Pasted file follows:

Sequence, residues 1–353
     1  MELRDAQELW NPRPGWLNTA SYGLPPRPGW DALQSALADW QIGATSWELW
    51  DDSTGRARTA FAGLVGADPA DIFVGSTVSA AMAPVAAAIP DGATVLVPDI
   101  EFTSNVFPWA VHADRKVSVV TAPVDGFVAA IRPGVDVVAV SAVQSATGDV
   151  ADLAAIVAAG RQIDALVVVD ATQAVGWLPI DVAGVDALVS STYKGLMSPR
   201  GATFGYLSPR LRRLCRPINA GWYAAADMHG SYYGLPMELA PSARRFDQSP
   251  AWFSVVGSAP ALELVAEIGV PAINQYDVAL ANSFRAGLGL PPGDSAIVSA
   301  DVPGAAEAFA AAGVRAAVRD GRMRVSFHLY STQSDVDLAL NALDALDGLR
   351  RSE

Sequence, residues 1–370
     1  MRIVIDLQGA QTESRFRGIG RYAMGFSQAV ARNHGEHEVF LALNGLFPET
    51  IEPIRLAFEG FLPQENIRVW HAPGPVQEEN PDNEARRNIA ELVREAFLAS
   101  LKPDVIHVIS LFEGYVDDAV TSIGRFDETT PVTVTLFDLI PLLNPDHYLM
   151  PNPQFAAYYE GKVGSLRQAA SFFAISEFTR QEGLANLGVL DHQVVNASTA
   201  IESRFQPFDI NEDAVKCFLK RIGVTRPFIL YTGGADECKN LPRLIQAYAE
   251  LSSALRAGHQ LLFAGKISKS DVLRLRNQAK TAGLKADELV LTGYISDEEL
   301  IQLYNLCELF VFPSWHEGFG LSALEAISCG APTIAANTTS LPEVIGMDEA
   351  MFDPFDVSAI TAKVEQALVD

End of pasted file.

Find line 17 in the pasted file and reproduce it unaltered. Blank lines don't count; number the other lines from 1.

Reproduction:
   301  IQLYNLCELF VFPSWHEGFG LSALEAISCG APTIAANTTS LPEVIGMDEA